So even if stocks make you nervous, they still represent the easiest path to personal wealth. With bond yields near record lows and most other investments offering equally poor future prospects, owning the right stocks can make a huge difference in your way of life for years to come.

Please stay tuned throughout the month for other informative articles covering a wide range of important topics. Let me also encourage you to take a look at the special website we've set up at InvestBetterDay.com. On Sept. 25, we're taking a day to celebrate the art of investing, and we encourage your participation. Take a look at the site now and get on the path to personal prosperity.

Tune in every Monday and Wednesday for Dan's columns on retirement, investing, and personal finance. You can follow him on Twitter @DanCaplinger.

Fool contributor Dan Caplinger doesn't skip stocks or breakfast. He doesn't own shares of the companies mentioned in this article, although he does own certain component stocks in the Dow and S&P 500. The Motley Fool owns shares of ExxonMobil, Apple, and PepsiCo. Motley Fool newsletter services have recommended buying shares of Apple and PepsiCo, as well as creating a bull call spread position in Apple. Try any of our Foolish newsletter services free for 30 days. We Fools may not all hold the same opinions, but we all believe that considering a diverse range of insights makes us better investors. The Fool's disclosure policy believes in you.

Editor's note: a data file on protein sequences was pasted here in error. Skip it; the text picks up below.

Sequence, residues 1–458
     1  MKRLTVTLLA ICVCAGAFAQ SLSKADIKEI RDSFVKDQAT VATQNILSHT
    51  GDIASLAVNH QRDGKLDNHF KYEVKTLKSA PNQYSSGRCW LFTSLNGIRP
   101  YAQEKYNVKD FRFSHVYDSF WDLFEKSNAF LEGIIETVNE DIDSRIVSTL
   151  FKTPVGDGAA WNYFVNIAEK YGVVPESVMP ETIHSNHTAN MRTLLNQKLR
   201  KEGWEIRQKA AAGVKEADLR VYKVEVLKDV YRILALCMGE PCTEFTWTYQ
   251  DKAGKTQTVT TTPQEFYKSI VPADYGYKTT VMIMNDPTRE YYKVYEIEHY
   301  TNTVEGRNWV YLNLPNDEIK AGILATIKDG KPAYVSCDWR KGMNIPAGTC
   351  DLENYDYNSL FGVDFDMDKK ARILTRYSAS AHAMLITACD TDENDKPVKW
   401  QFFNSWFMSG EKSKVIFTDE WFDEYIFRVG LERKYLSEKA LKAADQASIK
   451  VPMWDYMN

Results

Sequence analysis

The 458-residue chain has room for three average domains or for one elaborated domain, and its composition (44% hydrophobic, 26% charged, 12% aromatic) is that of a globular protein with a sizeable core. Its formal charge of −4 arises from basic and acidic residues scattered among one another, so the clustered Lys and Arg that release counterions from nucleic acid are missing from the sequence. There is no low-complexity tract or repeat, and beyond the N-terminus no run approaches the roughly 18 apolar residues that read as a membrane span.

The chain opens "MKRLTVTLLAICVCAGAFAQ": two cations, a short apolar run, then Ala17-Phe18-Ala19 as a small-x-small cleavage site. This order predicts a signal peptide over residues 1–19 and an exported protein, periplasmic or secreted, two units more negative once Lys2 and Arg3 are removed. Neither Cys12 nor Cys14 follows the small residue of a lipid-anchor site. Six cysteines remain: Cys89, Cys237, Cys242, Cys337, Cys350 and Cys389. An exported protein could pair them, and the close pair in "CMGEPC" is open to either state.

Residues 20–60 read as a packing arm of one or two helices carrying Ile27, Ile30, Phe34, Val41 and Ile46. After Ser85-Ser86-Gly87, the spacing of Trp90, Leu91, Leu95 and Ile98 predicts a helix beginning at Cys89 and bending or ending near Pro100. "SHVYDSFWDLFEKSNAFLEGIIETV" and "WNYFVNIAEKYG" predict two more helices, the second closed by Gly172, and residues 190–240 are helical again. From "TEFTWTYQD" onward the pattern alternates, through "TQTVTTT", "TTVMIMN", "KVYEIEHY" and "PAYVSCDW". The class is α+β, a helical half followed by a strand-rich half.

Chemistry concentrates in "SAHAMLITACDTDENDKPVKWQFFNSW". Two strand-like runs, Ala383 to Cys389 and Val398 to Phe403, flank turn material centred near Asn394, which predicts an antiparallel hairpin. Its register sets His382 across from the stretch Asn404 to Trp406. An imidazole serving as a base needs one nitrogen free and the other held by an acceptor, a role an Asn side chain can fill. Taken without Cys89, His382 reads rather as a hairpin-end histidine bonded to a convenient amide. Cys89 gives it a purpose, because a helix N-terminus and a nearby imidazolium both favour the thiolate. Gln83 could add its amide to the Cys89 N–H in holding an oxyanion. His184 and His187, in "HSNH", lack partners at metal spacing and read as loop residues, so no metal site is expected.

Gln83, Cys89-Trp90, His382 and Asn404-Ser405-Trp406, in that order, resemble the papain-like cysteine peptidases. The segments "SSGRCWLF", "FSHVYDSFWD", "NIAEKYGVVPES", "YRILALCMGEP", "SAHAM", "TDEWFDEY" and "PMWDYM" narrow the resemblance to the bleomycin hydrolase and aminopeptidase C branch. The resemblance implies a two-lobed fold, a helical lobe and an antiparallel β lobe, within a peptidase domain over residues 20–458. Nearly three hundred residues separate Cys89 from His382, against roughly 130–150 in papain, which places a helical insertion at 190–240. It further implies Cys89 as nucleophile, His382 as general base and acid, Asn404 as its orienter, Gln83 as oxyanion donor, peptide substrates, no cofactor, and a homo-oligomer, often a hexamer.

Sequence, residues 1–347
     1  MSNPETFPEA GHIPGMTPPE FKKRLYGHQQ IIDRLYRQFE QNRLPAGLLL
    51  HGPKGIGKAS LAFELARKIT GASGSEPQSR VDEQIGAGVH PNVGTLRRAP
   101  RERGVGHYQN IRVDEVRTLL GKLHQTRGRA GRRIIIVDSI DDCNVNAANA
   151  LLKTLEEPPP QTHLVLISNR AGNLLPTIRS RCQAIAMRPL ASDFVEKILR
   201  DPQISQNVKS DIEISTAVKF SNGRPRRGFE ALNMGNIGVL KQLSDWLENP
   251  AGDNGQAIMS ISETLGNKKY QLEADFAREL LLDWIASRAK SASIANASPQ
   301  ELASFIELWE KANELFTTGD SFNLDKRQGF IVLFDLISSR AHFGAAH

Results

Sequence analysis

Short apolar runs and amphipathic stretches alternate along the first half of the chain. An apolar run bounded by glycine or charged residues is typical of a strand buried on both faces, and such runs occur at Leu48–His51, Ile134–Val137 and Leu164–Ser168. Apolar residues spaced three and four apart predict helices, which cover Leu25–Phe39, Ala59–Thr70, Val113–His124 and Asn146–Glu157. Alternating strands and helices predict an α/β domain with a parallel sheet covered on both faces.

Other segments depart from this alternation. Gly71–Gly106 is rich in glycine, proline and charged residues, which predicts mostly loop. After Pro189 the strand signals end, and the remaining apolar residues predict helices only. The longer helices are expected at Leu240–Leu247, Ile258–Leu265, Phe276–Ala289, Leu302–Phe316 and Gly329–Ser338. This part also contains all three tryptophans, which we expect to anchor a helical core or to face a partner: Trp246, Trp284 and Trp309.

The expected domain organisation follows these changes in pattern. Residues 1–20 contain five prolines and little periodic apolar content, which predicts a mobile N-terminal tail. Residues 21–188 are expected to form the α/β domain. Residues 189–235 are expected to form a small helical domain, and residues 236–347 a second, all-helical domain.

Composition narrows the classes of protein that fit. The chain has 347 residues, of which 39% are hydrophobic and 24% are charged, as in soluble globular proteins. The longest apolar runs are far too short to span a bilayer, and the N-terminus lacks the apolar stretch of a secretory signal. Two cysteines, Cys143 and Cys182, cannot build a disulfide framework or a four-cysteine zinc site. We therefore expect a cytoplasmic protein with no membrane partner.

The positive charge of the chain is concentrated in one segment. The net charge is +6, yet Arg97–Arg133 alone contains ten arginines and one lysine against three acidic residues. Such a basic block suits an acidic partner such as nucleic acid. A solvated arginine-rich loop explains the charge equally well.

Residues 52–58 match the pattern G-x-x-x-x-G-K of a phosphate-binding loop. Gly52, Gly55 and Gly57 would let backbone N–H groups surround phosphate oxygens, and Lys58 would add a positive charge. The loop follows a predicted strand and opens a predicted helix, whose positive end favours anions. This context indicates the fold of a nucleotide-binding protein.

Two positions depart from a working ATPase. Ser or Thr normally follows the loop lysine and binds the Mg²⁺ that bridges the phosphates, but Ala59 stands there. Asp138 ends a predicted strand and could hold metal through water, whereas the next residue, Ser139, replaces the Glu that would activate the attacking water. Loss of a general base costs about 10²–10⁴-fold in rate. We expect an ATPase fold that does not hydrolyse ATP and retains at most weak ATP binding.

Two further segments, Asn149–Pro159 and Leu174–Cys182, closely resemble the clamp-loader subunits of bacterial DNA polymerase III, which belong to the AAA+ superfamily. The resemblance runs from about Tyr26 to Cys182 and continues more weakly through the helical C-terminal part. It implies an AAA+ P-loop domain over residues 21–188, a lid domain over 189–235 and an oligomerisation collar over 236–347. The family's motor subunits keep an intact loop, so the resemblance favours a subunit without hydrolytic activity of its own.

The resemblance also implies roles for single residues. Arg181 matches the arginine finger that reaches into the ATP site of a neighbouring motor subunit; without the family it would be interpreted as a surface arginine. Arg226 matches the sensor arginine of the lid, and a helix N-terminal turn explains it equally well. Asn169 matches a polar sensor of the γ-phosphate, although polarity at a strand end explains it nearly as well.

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  • Report this Comment On September 11, 2012, at 2:58 PM, Darwood11 wrote:

    "Given how many people haven't received any financial education at all, taking action and explaining the complicated world of finance in simple terms is time well-spent in my book."

    I agree wholeheartedly. I also hear the concerns of so many who have suffered as a consequence of the "Panic of 2008."

    The challenge is to turn those with limited financial education into investors. Turning short term "investors" whom I consider to be "speculators" into true investors is also a challenge.

    In other words, putting money in the mattress, or speculating is not investing.

    Until that is hammered home, too many people will suffer the consequences.

    The Fool has its work cut out for it.

  • Report this Comment On September 11, 2012, at 3:02 PM, Darwood11 wrote:

    BTW, those I know who have complaints about the "Panic of 2008" decided to abandon their program. Those who decided to stay the course have recovered.

    Let me also say that investing in a small portfolio of stocks may be "investing" but it is more risky than purchasing index funds and following prudent asset allocation strategies. Of course, learning these things is part of one's "financial education."

  • Report this Comment On September 11, 2012, at 7:06 PM, 48ozhalfgallons wrote:

    Rather than poke at those on the sidelines for being "uneducated", perhaps one should give them credit for taking the fundamentals of the economy into consideration. That 13300 Dow limb is pretty high considering how good the 4% unemployed economy was perceived back in '07.